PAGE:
The Karanth children, Malavika Kapur, K. Ullas Karanth and Kshama Rau, now in their 70s, pen down an honest account of their parents’ lives and achievements in their book Growing Up Karanth.
Our father, Kota Shivarama Karanth (1902-97), was a protean genius who dominated the Kannada cultural scene for the better part of the twentieth century. His achievements in the varied domains that he so passionately engaged with are truly mind-boggling. Perhaps no other contemporaneous intellectual in India can match the way he straddled the diverse worlds of art, letters, popular science and social activism. His world was not a carefully cultivated academic intellectual one, conveniently insulated from the messy, tumultuous real world. Unlike most other Kannada writers, Karanth never held a salaried job in his life. He engaged in the rough and tumble of an activist’s life when he was barely twenty, by dropping out of college to plunge into the freedom struggle.
Although Shivarama Karanth has been a household name in Karnataka for close to a century, his genius and accomplishments are not as well-known outside. Some are probably aware that he is famous for ‘something’, but they are not sure exactly what that ‘thing’ is.
As for Kannadigas, while they have become increasingly literate and prosperous, ironically, the readership of Kannada books and magazines is declining among them. They profess admiration for Shivarama Karanth, whose image they can recognise on the yellow and red banners lauding Kannada displayed all over Karnataka. However, they don’t seem to appreciate the magnitude of his contributions to their own culture and society.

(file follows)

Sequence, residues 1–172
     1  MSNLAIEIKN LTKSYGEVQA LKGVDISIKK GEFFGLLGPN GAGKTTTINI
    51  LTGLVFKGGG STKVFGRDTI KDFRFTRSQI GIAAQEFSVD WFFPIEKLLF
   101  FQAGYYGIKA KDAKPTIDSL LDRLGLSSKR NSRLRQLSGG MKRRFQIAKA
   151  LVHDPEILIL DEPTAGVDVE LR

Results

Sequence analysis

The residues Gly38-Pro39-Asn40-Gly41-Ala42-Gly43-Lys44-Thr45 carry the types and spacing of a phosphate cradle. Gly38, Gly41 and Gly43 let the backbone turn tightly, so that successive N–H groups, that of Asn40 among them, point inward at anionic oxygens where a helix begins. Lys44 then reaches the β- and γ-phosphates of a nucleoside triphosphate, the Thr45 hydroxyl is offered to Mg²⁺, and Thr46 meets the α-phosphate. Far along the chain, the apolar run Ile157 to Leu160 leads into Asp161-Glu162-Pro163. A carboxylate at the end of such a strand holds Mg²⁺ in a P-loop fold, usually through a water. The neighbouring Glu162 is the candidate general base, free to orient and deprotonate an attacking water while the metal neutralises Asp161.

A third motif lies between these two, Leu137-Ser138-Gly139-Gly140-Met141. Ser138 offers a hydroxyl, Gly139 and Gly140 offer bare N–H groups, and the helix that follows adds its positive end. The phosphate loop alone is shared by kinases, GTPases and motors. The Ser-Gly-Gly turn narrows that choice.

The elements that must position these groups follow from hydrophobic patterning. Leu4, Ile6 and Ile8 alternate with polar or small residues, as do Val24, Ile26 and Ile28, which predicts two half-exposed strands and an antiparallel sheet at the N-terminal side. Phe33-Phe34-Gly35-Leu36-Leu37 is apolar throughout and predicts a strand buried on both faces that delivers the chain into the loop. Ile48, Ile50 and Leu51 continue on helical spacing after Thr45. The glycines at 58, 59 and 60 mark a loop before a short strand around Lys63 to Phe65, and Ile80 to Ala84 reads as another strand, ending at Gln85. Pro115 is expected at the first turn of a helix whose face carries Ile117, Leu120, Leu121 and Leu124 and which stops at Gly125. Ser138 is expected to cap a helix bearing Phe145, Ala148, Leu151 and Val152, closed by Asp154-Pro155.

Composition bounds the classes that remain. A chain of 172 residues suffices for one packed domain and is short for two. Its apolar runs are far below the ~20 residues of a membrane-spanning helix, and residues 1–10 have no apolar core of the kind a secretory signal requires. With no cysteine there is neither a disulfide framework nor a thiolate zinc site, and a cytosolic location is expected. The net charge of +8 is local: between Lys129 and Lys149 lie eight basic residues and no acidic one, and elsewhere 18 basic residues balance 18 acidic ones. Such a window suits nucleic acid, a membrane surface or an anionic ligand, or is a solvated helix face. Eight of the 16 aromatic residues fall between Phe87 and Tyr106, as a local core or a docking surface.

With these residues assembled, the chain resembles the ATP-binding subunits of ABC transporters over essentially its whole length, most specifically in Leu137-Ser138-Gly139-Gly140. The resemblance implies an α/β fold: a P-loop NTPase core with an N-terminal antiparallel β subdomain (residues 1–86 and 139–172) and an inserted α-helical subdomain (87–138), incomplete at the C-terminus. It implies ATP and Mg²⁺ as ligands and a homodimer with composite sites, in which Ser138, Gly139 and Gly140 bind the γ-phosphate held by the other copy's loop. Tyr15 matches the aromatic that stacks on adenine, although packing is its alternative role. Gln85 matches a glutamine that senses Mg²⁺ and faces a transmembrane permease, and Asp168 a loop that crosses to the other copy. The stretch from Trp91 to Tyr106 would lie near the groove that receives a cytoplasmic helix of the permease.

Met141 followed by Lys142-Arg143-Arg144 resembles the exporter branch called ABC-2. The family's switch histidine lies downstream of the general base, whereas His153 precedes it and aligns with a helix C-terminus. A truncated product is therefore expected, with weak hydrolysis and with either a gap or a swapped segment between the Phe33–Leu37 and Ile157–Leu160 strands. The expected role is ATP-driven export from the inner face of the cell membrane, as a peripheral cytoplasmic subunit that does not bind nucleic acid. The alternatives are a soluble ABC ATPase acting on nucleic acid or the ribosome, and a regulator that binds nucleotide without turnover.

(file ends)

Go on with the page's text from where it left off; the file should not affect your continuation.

Kannadigas abroad do recognise Shivarama Karanth’s name, but know little else about him. We hope that among the coming generations in this Kannadiga diaspora, there will be at least some who would dig a bit deeper below the surface of their ‘Indian’ identity. An account of the life and times of Karanth may offer Kannadigas abroad a window for such explorations of their roots. We also hope our narrative around the personal struggles and accomplishments of a man who contributed so much to the formation of the Kannada identity would be of value to all those who seek to understand the making of modern India in the twentieth century.
As his children, collectively and singly, the three of us had proximate access to Shivarama Karanth for over six decades. We hope an honest account of his personal life covering this period would also be a useful contribution to the social history of Kannadigas and their land.
For all these reasons, we have made this effort to assemble our account.
Growing Up Karanth
By K Ullas Karanth Malavika Kapur, Kshama Rau
Rs 699; 242 pages
Publishing date: 11 October 2021
Tata’s great accomplishments were not stand-alone efforts. He was supported unflinchingly, through his most difficult, and most creative years, by our Amma (Leela Karanth [1919-86]). We have tried to do justice to her contributions in this account.